Beaver County Blue

Progressive Democrats of America – PA 12th CD Chapter

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Pittsburgh’s Sala Udin Gets Presidential Pardon, 44 Years Later

Posted by carldavidson on December 20, 2016

20161228-SalaPortrait001 Sala Udin at his Pittsburgh home.

Sala Udin at his Pittsburgh home.

By Tracie Mauriello

Post-Gazette Washington Bureau

WASHINGTON — Sala Udin was stopped for speeding as he drove from a rally in Mississippi to drop off a carload of fellow Freedom Riders in Cleveland before heading home to Pittsburgh. Police who stopped him in Kentucky that day in 1970 searched his car, found an unloaded shotgun and a jug of Mississippi moonshine, and hauled him off to jail.

In 1972, he was sent to federal prison for seven months, with the shadow of his conviction hanging over him for the next 44 years.

No more.

On Monday, President Barack Obama pardoned the civil rights activist and 77 other people across the country. The president also issued 153 commutations to people sentenced for a variety of crimes, most involving manufacturing, selling or possessing drugs.

That brings the president’s total clemency actions to 1,324 — more than any predecessor since Lyndon B. Johnson.

Mr. Obama’s pardons and commutations “exemplify his belief that America is a nation of second chances,” said Neil Eggleston, counsel to the president. “While each clemency recipient’s story is unique, the common thread of rehabilitation underlies them all.”

A presidential pardon grants absolution as if a crime had never occurred.

“It’s a second chance, and I think — for most crimes — people deserve a second chance. Some of them would mess up again, but most of them would take full advantage of a second chance,” Mr. Udin said.

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Posted in Civil Liberties, Community, Obama | Leave a Comment »

Aliquippa Crime: Perception Isn’t Always Reality

Posted by carldavidson on June 3, 2016

 

By Kristen Doerschner

kdoerschner@timesonline.com

    ALIQUIPPA — When District Attorney Anthony Berosh speaks to community groups throughout Beaver County, he poses a question to them: How many homicides do you think Aliquippa had last year?

      The estimates people typically give are astoundingly high, he said, often ranging from 20 to as high as 40.

      In reality, the numbers aren’t even remotely close to that high. There was one homicide in the city in 2013, two in 2012 and none in 2011.

      Berosh said when he tells people the actual numbers, they are “flabbergasted.”

      Certain factors within a community tend to correlate to higher crime statistics. Berosh said areas of dense population, a higher proportion of lower-income residents, a large number of rental properties and a large number of residents under the age of 25 tend to have more crime.

      Statistics do show the instances of violent crime in Aliquippa have been on a downward trend over the past decade.

      “You can’t deny that crime occurs in Aliquippa. You can’t deny that crime occurs in any of our communities,” Berosh said.

      The problem is the perception many people have regarding that crime.

      Berosh is quick to point out the perception problem isn’t Aliquippa’s problem.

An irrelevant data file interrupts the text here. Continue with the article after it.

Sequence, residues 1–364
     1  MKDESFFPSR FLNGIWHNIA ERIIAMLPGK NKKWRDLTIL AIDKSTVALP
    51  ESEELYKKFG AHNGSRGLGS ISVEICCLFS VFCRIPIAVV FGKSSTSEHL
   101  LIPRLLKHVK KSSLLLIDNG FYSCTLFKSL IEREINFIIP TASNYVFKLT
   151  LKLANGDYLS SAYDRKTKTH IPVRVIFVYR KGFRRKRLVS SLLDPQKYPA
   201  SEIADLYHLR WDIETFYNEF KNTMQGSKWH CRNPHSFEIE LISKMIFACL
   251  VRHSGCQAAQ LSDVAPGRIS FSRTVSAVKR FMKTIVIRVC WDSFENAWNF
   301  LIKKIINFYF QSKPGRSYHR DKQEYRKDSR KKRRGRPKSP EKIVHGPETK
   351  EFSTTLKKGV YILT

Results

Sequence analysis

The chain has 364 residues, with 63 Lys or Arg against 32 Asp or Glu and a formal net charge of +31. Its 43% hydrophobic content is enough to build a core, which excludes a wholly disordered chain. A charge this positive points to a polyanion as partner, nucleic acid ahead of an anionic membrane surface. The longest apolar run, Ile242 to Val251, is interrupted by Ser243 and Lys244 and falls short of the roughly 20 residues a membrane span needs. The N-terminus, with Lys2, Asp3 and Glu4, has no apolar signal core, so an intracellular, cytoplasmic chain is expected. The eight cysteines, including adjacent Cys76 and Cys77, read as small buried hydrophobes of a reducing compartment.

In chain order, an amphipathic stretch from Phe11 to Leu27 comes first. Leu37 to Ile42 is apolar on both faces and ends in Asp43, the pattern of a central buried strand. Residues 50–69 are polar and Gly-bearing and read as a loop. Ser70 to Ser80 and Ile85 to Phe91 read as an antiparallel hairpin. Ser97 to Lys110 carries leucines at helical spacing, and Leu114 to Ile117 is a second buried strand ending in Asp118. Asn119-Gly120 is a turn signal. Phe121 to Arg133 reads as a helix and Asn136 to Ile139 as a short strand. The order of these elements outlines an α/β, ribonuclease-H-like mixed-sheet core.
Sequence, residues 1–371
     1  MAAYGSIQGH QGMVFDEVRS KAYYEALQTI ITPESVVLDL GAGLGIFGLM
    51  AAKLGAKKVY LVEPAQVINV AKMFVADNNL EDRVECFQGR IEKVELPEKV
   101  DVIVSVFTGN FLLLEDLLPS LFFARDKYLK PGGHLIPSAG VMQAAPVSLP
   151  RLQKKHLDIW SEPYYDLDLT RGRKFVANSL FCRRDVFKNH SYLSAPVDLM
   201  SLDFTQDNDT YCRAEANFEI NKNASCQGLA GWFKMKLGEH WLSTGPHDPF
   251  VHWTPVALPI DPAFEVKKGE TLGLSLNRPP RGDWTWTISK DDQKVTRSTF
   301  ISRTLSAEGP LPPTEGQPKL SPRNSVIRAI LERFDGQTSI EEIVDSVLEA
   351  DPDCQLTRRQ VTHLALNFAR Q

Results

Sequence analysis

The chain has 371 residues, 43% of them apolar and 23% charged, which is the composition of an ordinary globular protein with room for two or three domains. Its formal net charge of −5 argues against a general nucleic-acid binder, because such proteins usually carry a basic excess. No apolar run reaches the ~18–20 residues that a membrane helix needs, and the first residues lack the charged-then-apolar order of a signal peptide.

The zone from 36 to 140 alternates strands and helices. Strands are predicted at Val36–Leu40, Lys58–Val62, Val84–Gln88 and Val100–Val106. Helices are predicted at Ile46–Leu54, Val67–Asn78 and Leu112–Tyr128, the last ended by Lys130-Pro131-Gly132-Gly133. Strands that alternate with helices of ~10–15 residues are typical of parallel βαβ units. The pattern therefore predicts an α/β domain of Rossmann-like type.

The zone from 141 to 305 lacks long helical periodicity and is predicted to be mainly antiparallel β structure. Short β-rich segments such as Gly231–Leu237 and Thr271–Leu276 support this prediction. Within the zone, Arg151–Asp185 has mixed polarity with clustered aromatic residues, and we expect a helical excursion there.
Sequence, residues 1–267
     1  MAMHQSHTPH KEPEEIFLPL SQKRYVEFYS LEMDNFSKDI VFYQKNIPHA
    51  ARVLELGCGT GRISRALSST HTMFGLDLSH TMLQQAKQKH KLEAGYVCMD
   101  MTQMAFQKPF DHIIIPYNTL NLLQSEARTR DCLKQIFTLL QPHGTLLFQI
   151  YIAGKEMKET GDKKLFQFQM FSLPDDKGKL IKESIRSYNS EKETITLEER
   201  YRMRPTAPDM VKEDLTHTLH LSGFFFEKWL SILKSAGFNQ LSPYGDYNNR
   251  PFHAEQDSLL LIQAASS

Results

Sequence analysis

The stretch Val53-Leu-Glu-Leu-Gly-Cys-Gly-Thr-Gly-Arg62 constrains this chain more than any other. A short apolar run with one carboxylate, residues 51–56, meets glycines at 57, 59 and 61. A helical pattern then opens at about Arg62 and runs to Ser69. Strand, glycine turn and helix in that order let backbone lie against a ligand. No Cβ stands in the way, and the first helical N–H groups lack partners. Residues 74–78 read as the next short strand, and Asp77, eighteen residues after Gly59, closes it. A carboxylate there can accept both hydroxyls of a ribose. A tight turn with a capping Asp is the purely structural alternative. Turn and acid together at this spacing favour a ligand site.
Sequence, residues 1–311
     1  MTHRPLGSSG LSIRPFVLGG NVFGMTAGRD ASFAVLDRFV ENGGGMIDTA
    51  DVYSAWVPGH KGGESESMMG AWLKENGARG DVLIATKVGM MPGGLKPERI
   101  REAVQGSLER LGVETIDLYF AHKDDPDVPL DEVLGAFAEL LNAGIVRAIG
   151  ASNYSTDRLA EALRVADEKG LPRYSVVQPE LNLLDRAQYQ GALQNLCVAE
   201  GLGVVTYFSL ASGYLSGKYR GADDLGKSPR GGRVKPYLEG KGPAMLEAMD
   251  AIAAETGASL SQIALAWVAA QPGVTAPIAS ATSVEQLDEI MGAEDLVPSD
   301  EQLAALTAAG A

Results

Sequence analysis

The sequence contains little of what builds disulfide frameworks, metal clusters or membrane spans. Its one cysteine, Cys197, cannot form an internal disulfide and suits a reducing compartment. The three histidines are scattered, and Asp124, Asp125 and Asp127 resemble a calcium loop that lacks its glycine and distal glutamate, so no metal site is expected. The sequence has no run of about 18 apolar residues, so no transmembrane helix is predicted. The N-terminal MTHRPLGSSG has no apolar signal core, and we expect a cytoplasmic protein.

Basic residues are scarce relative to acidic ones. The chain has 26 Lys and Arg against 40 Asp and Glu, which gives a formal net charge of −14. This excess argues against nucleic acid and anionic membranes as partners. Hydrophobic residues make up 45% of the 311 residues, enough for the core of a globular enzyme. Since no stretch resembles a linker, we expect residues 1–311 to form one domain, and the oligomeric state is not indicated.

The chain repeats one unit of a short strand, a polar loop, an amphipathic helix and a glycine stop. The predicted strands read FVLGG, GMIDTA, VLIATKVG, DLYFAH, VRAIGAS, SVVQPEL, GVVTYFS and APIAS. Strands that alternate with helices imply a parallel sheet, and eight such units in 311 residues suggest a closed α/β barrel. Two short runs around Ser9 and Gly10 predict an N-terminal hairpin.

“The problem we have as a Beaver County community is the perception we have of Aliquippa,” he said. “They don’t have that problem of perception. We do.”

      Residents and community leaders in the city are frustrated by the view so many people seem to have.

      Herb Bailey moved to Aliquippa from Nashville, Tenn., nearly two years ago to run the ministry at Uncommon Grounds, a popular coffee shop on Franklin Avenue. He quickly found the city to be an inviting place that he made home and moved his family to Franklin Avenue.

      He said he has no hesitation about living in the city or letting his teenage daughters walk through town on their own. He doesn’t view the city as a dangerous place.

      But Bailey learned in short order how others view his new home.

      He said his daughters — who have an interest in art and attend Lincoln Park Performing Arts Charter School in Midland — would invite friends to visit, but their parents were afraid to let their children go to Aliquippa.

      Slowly that is changing, and more parents are allowing their children to visit, he said.

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      Posted in Aliquippa, Community, Economy | Leave a Comment »

      Hard-Pressed Rust Belt Cities Go Green to Aid Urban Revival

      Posted by carldavidson on June 1, 2016

      A community farm in Detroit, which has been a leader in green urban renewal.

      Gary, Indiana is joining Detroit and other fading U.S. industrial centers in an effort to turn abandoned neighborhoods and factory sites into gardens, parks, and forests. In addition to the environmental benefits, these greening initiatives may help catalyze an economic recovery.

      By Winifred Bird

      Beaver County Blue via Environment 360 Yale.edu

      May 31, 2016 – Depending on how you look at it, Gary, Indiana is facing either the greatest crisis in its 110-year history, or the greatest opportunity. The once-prosperous center of steel production has lost more than half its residents in the past 50 years. Just blocks from city hall, streets are so full of crumbling, burned-out houses and lush weeds that they more closely resemble the nuclear ghost town of Pripyat, near Chernobyl, than Chicago’s glitzy downtown an hour to the northwest. Air, water, and soil pollution are severe.